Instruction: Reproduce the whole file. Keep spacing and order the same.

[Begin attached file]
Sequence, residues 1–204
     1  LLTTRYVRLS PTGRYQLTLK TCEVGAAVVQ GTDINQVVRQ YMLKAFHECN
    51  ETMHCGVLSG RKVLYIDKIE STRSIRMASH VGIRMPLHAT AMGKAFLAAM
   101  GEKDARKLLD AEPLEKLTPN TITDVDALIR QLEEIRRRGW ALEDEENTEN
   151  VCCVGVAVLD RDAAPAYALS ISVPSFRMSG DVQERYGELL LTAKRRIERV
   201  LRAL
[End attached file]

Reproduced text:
Sequence, residues 1–204
     1  LLTTRYVRLS PTGRYQLTLK TCEVGAAVVQ GTDINQVVRQ YMLKAFHECN
    51  ETMHCGVLSG RKVLYIDKIE STRSIRMASH VGIRMPLHAT AMGKAFLAAM
   101  GEKDARKLLD AEPLEKLTPN TITDVDALIR QLEEIRRRGW ALEDEENTEN
   151  VCCVGVAVLD RDAAPAYALS ISVPSFRMSG DVQERYGELL LTAKRRIERV
   201  LRAL